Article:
Why Are We Pretending To Care About Comrade Kaepernick?

Honestly, my first thought when I heard that San Francisco 49ers quarterback Colin Kaepernick wouldn’t stand for the National Anthem at a preseason game:

I had forgotten all about the guy. 

In case you’re not a fan of the foosball, Kaepernick’s 15 minutes of fame were about 45 minutes ago—for one or two seasons, a few years ago, he was the most exciting player in football, and sparked countless talk radio and sports-bar conversations about “quarterbacks of the future”—more mobile, more muscular, less standing around throwing passes and then toppling over like so many Saddam statues.

Like another, more local QB, no sooner did Kaepernick fire up everyone’s imagination than he came back to earth fast.

And like the other, shorter guy, one reason was that Colin didn’t hold up too well under the scrutiny of stardom.

Within a few hours of the sit-down heard ’round the world, we had already spent way too much time analyzing it.

Yep, it’s his right to sit. Given his play of late, it’s a familiar posture. And yes, people can be mad about it, and sports fandom is nothing if it’s not one big Hayekian marketplace of voting with your dollars.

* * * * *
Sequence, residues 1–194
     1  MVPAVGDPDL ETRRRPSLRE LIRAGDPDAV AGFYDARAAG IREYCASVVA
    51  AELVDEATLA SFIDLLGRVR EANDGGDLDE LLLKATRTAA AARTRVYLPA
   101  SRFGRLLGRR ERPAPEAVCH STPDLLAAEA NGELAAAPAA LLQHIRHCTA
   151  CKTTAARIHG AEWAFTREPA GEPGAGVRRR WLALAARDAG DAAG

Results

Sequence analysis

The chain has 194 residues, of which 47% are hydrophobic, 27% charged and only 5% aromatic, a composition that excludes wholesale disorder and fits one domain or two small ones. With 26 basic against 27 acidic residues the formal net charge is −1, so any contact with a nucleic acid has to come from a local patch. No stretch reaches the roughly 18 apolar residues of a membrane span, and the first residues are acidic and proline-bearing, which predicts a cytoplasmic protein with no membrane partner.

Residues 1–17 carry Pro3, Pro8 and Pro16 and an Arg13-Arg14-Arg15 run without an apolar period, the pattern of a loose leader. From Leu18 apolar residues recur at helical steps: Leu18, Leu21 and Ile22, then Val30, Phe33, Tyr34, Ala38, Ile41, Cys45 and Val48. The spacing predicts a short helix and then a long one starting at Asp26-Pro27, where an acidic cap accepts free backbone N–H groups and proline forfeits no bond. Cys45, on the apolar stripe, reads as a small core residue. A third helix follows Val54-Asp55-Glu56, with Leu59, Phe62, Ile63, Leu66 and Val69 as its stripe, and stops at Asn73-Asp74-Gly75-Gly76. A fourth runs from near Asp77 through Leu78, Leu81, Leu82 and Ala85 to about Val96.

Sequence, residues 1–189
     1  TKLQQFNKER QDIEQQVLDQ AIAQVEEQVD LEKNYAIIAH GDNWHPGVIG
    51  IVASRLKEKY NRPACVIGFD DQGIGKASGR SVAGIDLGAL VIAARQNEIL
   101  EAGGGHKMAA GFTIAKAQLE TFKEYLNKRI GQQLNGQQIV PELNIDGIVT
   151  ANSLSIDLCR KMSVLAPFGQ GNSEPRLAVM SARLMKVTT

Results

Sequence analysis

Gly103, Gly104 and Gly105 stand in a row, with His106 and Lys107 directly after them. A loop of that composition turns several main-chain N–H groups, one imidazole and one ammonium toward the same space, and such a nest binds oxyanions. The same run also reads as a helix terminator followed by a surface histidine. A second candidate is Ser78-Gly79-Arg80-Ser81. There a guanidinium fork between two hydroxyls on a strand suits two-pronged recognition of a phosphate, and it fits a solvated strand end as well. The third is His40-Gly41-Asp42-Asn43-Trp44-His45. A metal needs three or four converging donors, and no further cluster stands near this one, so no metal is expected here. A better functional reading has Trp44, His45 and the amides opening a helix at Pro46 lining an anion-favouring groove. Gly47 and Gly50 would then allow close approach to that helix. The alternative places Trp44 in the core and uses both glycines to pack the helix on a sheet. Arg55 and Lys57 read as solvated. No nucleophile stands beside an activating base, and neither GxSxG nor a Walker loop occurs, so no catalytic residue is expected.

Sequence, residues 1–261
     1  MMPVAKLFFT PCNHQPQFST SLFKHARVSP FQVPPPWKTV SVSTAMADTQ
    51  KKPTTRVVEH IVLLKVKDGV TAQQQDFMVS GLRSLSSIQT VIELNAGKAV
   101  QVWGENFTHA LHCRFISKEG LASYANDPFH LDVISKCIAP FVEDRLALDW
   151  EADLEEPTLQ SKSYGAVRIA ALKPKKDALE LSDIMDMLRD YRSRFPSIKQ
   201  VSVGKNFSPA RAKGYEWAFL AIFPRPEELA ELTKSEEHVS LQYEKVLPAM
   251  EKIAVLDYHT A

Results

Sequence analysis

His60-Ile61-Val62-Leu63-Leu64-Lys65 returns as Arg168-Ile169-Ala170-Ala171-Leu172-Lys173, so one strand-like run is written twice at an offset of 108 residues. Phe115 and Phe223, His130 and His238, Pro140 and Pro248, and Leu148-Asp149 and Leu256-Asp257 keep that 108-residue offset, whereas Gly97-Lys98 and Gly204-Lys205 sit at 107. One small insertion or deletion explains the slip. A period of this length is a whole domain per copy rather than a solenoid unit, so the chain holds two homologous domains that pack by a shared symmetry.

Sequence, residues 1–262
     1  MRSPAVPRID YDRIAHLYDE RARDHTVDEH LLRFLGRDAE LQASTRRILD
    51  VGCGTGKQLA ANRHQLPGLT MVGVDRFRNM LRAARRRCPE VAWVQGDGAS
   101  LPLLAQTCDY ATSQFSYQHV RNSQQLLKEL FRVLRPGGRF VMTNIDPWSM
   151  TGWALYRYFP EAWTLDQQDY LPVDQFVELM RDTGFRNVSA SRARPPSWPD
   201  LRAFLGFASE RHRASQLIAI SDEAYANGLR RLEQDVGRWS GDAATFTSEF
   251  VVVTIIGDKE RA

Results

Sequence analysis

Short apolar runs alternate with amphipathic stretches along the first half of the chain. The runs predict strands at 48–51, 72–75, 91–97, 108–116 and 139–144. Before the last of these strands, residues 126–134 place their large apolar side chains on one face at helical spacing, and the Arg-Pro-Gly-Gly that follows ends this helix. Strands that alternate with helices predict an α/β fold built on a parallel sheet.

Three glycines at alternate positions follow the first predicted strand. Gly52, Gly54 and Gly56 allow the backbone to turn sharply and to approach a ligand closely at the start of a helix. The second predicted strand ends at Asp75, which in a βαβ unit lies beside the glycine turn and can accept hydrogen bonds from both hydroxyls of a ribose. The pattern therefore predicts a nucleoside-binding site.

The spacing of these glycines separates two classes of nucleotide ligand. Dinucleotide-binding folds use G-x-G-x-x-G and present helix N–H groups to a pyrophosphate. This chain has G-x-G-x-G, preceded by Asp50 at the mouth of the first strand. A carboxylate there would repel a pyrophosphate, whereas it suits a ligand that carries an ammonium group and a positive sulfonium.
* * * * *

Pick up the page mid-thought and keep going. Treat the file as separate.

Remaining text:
Meaning: the more people want to burn the shirt, the more they’ll have to buy ’em!

As for Colin’s kaeper? I don’t have any interest, and I wish we’d stop losing our shit every time some has-been makes a grab for a little more attention.

What if an overpaid crybaby falls in the forest and no one notices?

Besides sitting down, is he helping solve anything? What’s his next move, not getting out of bed?

Needless to say, you can skip ahead to the ending on this story. When San Fran cuts or trades him because he’s not worth the $125M they’re paying him, he’ll have a ready-made social-justice excuse. Because, you know, Frisco is such a hotbed of white supremacist, reactionary politics and such.

All this little story did was save me having to ask before the season starts: “Is Kaepernick really still with the Niners?”

 

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